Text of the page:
Thoreau: A Sublime Life by Maximilien Le Roy, A. Dan Publisher/Year: NBM Graphic Novels, 2016 Format: Hardcover Pages: 88 Rating: ⭐⭐⭐⭐⭐ Goodreads
“To be a philosopher is not merely to have subtle thoughts, nor even to found a school, but so to love wisdom as to live according to its dictates, a life of simplicity, independence, magnanimity and trust.” Henry David Thoreau is best remembered as the father of the concept, still influential today, of “civil disobedience” which he used against slavery and the encroachment of government. He was a lot more than that. This graphic novel biography relates the forward looking inspirational life of the great author, philosopher as well as pioneering ecologist.
What I thought
I randomly stumbled upon this at my library, and I’m so glad. This was a gorgeously done graphic biography. While I don’t necessarily agree with Henry David Thoreau, I’m still a big fan of his writing/philosophy. I wouldn’t call this a definitive biography, by any means, so if you are looking for an intro to HDT, this probably isn’t the best place to start. However, those who are more familiar will certainly enjoy this. I, for one, loved this and absolutely need a copy of this for my own shelves.
The Salt Path by Raynor Winn Publisher/Year: Penguin Randomhouse, 2018 Format: E-book (Libby) Pages: 410 Rating: ⭐⭐⭐⭐ Goodreads
The true story of a couple who lost everything and embarked on a transformative journey walking the South West Coast Path in England.
Just days after Raynor Winn learns that Moth, her husband of thirty-two years, is terminally ill, their house and farm are taken away, along with their livelihood. With nothing left and little time, they make the brave and impulsive decision to walk the 630 miles of the sea-swept South West Coast Path, from Somerset to Dorset, through Devon and Cornwall.
Carrying only the essentials for survival on their backs, they live wild in the ancient, weathered landscape of cliffs, sea, and sky. Yet through every step, every encounter, and every test along the way, their walk becomes a remarkable and life-affirming journey. Powerfully written and unflinchingly honest, The Salt Path is ultimately a portrayal of home–how it can be lost, rebuilt, and rediscovered in the most unexpected ways.
What I thought
What a perfect book to read in 2020! In a year that has most of us feeling down & out, this was an immensely inspiring memoir that faces the question of how we go on when faced with the absolute worst outcome. Being a fan of nature writing is what brought me to this book, and Raynor’s and Moth’s unfathomable strength (and even humor) in facing despair is what kept me reading. I was alternately amazed and moved, and not just that, but also impressed that this wasn’t “just” a nature memoir–it offered a thought-provoking look at homelessness and grief in its many forms. Overall, I thought this was an excellent read, providing just the right amount of armchair travel and hope for this year.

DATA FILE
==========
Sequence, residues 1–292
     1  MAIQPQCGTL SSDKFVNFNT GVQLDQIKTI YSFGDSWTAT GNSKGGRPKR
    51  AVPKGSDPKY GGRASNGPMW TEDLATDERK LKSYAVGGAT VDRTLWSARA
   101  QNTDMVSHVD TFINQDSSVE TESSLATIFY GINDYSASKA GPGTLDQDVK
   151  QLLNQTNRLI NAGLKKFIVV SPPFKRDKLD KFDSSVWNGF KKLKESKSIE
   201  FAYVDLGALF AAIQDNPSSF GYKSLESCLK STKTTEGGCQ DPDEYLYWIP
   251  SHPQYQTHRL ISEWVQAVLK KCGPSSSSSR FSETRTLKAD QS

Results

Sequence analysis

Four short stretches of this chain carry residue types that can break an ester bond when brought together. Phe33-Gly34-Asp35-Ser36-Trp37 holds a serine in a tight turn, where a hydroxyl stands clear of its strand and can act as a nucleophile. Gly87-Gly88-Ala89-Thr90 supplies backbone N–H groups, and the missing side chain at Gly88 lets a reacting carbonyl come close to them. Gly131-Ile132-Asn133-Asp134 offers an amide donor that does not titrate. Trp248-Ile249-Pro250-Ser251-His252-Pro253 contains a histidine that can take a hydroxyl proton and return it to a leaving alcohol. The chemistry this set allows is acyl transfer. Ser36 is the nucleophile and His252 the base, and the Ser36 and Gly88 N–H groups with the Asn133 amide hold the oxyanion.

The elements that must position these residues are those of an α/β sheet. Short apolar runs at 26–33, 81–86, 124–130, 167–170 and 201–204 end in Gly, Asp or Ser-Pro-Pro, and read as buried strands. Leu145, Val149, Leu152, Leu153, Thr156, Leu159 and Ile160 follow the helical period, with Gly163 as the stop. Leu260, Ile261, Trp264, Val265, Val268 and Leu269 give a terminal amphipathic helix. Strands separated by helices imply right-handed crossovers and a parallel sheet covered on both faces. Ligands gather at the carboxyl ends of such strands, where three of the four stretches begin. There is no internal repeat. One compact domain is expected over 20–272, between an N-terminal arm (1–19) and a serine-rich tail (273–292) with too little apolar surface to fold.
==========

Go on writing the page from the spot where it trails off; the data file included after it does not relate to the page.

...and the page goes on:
Tangerine Street is a must-see tourist stop with a colorful mix of one-of-a-kind boutiques, unique restaurants, eclectic museums, quaint bookstores, and exclusive bed-and-breakfasts. The Fortune Cafe, situated in the middle of this charming collection of shops and cafes on Tangerine Street, is a Chinese restaurant unlike any other because, well, to be honest, the fortunes found in the cookies all come true…
MIS-FORTUNE: Emma, a waitress at The Fortune Cafe will do anything to avoid opening a fortune cookie. Each fortune is rumored to somehow magically come true. Being a girl grounded in reality, she doesn’t have time for that kind of nonsense. But when trying to prevent a food fight at the cafe, Emma accidentally cracks open a fortune cookie: “Look around, love is trying to catch you.” If there is one thing that Harrison, her former best friend in high school is good at, it’s catching her unaware.
LOVE, NOT LUCK: Lucy has always been lucky…until her parents meet her fiance’s parents at a disastrous lunch at The Fortune Cafe, and she breaks her lucky jade necklace. Even worse, her fortune cookie reveals that “True love is for the brace, not the lucky.” How is she supposed to read that? She’s always considered it lucky how she met her fiance. But after breaking her necklace, Lucy’s luck takes a dive. And when her fiance dumps her, the only person she can turn to is Carter, the unluckiest guy she knows.
TAKEOUT: Stella is content in her new life of taking over her mom’s jewelry shop. No more boyfriend to worry about, and as long as she stays busy, she doesn’t have to dwell on her non-existent love life. When Evan comes into the shop with his young daughter, Stella is charmed. But she is reluctant to complicate her straightforward life, so when she reads her fortune after ordering takeout from The Fortune Cafe, she completely ignores it. After all, how can a fortune as vague as “Do the thing you fear and love is certain,” apply to her?
What I thought
Okay, so THIS is why I’m always downloading Nook freebies! I thought this was SO cute. This was an easy-to-read, light-hearted collection, perfect for fans of Hallmark movies. And surprisingly enough, even though the first story was my favorite, I still really enjoyed all of these stories as a whole. I would certainly read the next collection in this series–I am ALL about small town romance stories. All in all, I thought this was a really cute collection of sweet romance stories. My only wish was that these characters could have their own full length stories–I didn’t want to be done with these characters yet!